Italy reported the fewest new coronavirus cases in nearly six weeks as government advisers urge caution before any easing of a nationwide lockdown that’s paralyzing the economy.
There were 2,256 new cases of the disease, compared with 3,047 a day earlier, according to the civil protection agency. That’s the lowest figure since March 10. Confirmed cases now total 181,228.
Italy registered 454 deaths linked to the virus, compared with 433 the day before. That brings the total number of fatalities to 24,114.
The government’s medical and scientific advisers have focused on the reproduction factor — known by epidemiologists as R-naught-– to help assess the spread of the disease. Italy’s R0 has fallen to below 1, meaning that each person with the virus infects an average of less than one other person.
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Active cases — the number of confirmed people who are currently carrying the virus — declined for the first time, and Italy also reported 1,822 patients recovered over the past 24 hours.
Italy is doing “decisively better,” Giovanni Rezza, head of the infectious diseases department at Rome’s national health institute, told newspaper la Repubblica earlier Monday. He pointed to a fall in new cases over recent weeks, less pressure on hospitals and the R0, which was initially above 3. But Rezza was cautious about any easing.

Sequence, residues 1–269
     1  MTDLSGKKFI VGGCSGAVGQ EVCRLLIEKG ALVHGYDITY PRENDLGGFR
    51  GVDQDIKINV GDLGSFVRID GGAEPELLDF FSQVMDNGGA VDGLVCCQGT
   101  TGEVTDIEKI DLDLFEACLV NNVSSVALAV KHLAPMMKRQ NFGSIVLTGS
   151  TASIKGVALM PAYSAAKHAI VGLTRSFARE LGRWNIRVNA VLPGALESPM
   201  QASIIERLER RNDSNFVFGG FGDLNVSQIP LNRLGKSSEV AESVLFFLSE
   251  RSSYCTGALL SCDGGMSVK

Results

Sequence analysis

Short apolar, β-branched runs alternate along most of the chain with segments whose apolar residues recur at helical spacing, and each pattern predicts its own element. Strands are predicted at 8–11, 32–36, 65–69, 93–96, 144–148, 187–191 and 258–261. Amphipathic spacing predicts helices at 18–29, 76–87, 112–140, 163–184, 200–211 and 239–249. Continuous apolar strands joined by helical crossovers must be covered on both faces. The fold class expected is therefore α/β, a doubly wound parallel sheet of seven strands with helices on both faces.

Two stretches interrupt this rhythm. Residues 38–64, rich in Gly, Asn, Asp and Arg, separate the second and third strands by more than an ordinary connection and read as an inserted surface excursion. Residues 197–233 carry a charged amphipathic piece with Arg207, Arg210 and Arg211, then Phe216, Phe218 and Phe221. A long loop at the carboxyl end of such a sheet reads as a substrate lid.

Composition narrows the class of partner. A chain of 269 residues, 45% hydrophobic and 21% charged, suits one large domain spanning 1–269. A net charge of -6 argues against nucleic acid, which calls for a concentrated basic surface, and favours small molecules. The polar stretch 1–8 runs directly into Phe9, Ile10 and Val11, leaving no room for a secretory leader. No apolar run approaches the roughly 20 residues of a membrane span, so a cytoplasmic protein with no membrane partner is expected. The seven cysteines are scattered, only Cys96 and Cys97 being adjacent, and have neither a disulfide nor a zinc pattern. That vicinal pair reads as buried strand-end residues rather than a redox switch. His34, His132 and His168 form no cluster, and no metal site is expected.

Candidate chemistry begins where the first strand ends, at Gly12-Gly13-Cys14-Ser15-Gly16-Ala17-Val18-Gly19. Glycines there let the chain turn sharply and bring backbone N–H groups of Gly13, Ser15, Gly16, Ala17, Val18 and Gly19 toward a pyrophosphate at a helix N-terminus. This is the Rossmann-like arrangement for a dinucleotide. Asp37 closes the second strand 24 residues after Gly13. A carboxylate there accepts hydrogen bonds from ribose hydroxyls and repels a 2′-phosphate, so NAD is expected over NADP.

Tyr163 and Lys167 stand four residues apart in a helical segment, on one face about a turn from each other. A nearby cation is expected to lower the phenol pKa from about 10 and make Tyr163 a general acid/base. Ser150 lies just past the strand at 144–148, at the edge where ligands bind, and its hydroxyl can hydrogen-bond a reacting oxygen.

“We’ve made a lot of progress, we’ve got more intensive-care beds, there are more tests, but from now on we need to act at local level to quickly identify any outbreak, because the virus will continue to circulate,” Rezza said.
The number of new cases in the northern region of Lombardy, the worst-hit by the virus, will likely not fall to zero before the end of June, according to a study by a national health observatory headed by Walter Ricciardi of Rome’s Catholic University of the Sacred Heart, who’s also a member of the executive board at the World Health Organization.
Prime Minister Giuseppe Conte, under pressure from businesses to restart the economy, has said a relaxation will come only after May 4. The containment measures shutter all non-essential economic activity and virtually confine people to their homes save for buying food and medicine, work, health and emergency reasons.